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Marx Myths and Legends. Paresh Chattopadhyay

A Manifesto of Emancipation:
Marx’s “Marginal Notes to the Programme of the German Workers’ Party”
after One hundred and twenty-five years

An earlier version of the paper was presented at “Marxism 2000,” University of Massachusetts at Amherst, September 21-24, 2000. Amended by the author for inclusion in “Marx Myths and Legends.”

Marx’s “Marginal Notes” of 1875 or what he called in a letter (to Bracke, May 5, 1875), a “long scrap of paper,” was a purely occasional text which its author felt compelled to compose, in order to underline what he thought to be the serious shortcomings in a workers’ programme. However, the document could perhaps be considered kind of a second “Communist Manifesto,” authored by Marx alone this time of course. Both of them concern party organisation — the Communist League and the German Workers’ Party. The second document was enriched by Marx’s great theoretical breakthroughs as well as by his involvement in the new forms of working class struggles as manifested above all in the work of the First International and the Paris Commune, posterior to the “Communist Manifesto.” Given the necessarily limited scope of this second document, compared with the first, its focus is also relatively circumscribed, being confined to the critique of the specific points in the Programme that Marx found unacceptable. Nevertheless, in spite of the narrowness of scope and the resulting selective character of the themes involved, this document contains, drawing on the author’s whole life’s work, a condensed discussion of the most essential elements of the capitalist mode of production, its revolutionary transformation into its opposite and a rough portrayal, in a few bold strokes, of what Marx had called in Capital the “union of free individuals” destined to succeed the existing social order.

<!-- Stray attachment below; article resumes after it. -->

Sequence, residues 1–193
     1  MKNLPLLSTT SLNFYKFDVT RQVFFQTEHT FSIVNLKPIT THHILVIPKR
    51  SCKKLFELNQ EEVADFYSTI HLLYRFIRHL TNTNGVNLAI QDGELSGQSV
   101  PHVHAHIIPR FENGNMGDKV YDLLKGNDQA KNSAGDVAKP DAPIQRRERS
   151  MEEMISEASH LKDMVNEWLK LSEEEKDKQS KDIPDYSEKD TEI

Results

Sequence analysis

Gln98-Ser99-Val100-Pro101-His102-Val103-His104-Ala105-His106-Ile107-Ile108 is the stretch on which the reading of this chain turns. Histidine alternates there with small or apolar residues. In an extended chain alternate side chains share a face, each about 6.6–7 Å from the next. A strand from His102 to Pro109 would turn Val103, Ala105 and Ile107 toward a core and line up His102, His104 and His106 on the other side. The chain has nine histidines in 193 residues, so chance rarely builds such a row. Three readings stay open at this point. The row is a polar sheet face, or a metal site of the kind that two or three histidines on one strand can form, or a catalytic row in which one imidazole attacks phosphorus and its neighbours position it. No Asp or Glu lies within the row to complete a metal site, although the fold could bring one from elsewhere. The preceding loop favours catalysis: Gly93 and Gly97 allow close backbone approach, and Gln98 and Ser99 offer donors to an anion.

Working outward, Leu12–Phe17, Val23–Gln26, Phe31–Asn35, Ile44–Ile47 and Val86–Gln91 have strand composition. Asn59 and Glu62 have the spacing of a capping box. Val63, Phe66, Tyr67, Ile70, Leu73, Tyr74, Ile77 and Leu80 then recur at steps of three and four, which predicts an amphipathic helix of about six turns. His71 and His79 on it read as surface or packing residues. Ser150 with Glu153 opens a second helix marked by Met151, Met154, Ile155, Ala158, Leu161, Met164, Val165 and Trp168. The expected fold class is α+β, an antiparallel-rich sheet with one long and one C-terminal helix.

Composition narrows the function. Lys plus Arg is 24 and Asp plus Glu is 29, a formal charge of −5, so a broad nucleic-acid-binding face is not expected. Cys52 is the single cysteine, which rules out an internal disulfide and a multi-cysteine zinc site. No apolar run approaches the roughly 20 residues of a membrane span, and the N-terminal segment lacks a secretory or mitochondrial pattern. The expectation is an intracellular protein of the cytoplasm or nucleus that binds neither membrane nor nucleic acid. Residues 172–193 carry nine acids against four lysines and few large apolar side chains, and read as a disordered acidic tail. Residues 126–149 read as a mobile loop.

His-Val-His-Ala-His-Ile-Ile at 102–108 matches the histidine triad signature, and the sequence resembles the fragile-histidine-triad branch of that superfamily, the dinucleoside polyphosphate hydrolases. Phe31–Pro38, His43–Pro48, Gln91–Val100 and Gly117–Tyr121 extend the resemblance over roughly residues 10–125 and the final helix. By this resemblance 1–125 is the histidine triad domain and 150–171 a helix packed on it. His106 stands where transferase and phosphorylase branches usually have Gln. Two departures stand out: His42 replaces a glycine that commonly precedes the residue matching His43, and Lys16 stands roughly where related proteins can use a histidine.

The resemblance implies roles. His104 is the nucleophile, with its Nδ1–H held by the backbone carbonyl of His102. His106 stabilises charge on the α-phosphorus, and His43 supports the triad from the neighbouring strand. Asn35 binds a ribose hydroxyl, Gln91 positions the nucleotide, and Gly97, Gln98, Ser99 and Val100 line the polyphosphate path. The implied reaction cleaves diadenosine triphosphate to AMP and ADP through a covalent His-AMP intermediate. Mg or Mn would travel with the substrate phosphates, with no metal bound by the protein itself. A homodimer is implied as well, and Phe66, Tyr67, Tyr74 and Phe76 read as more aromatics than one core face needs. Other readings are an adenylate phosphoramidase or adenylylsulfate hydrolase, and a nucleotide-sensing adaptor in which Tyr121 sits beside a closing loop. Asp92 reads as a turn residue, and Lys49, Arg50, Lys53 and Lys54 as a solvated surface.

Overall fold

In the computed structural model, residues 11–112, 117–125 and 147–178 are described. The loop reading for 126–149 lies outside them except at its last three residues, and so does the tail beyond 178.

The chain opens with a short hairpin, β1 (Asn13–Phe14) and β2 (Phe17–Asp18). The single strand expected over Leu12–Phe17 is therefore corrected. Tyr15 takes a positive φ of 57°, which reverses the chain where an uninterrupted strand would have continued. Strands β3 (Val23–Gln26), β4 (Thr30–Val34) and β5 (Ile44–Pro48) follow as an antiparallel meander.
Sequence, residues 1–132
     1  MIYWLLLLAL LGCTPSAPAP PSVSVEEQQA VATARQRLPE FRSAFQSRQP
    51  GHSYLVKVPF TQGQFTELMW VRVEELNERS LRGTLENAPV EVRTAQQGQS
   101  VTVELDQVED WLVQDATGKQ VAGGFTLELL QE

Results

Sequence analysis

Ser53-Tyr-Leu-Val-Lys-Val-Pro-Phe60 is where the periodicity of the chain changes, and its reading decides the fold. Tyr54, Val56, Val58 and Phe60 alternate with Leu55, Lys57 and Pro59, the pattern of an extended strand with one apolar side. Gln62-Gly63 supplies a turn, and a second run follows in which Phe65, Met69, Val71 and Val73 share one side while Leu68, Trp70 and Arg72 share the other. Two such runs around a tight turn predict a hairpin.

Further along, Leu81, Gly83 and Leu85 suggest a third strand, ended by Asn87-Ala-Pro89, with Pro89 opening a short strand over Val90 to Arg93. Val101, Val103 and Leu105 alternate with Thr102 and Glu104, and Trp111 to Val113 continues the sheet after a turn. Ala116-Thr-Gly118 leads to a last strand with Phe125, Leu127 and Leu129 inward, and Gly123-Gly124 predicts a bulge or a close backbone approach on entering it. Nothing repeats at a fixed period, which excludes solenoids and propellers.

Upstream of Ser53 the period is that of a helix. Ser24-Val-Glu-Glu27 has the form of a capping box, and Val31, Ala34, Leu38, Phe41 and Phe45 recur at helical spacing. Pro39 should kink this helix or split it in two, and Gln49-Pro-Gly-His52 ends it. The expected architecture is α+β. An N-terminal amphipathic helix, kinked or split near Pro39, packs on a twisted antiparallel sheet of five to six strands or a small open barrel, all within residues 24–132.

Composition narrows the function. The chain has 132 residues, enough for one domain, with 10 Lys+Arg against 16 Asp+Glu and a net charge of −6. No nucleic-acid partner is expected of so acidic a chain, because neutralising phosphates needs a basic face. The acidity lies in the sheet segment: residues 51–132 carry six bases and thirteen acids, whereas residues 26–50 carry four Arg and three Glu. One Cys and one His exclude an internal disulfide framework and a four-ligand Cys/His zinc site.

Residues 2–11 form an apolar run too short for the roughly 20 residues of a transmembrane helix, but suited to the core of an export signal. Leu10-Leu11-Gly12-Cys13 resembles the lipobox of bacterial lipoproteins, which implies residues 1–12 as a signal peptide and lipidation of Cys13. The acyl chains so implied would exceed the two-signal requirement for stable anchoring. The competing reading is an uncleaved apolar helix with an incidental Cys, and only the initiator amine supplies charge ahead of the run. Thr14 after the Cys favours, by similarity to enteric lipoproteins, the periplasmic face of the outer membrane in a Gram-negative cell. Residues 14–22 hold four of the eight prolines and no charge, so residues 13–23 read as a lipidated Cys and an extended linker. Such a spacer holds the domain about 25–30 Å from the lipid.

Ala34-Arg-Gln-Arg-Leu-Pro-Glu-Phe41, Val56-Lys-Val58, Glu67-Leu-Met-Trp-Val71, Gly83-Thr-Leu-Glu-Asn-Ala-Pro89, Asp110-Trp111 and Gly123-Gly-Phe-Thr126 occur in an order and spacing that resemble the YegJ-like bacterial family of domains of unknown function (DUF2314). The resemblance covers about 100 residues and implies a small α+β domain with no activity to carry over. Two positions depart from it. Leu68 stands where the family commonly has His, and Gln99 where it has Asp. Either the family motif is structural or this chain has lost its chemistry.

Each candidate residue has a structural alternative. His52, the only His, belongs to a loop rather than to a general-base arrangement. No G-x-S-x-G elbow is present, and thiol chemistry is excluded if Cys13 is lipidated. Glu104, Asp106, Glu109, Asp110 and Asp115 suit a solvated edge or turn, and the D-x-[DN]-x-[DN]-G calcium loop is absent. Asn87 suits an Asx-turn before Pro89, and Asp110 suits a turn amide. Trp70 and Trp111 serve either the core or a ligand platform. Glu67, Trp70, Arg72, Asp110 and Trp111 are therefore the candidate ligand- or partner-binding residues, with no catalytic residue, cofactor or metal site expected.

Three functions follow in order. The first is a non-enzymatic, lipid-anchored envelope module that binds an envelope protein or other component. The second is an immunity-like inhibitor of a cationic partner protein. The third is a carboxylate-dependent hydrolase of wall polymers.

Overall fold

In this paper we propose to concentrate mostly on the economic aspects of this document. As in the Gothakritik labour is the central theme around which Marx’s arguments revolve, we start with Marx’s critique of the conception of labour as it appears in the Programme. Next we pass on to Marx’s very brief discussion of the Lassallean notion of wage labour which of course is the essence of the capitalist mode of production. Then we propose to treat Marx’s portrayal of the future society centered basically on the problem of allocation-distribution of the society’s total product. We conclude by stressing the immensely emancipatory character of the document. As we go along we will seek to dispel a number of misunderstandings — even among Marx’s professed followers — concerning Marx’s categories of labour, value and state, all appearing in the “Critique.”

Labour and Division of Labour

The Gothakritik starts with the Programme’s assertion that labour is the source of all wealth and all culture. Marx underlines à contrario that labour is not the source of all material wealth and that nature also is a source. This idea of wealth as the conjoint product of human labour and nature is a continuing idea of the Marxian “Critique of Political Economy” from its very inception. In his Parisian manuscripts of 1844 Marx refers to nature as the “non-organic life” of the human and the human as “a part of nature.” “The labourer can create nothing [. . .]

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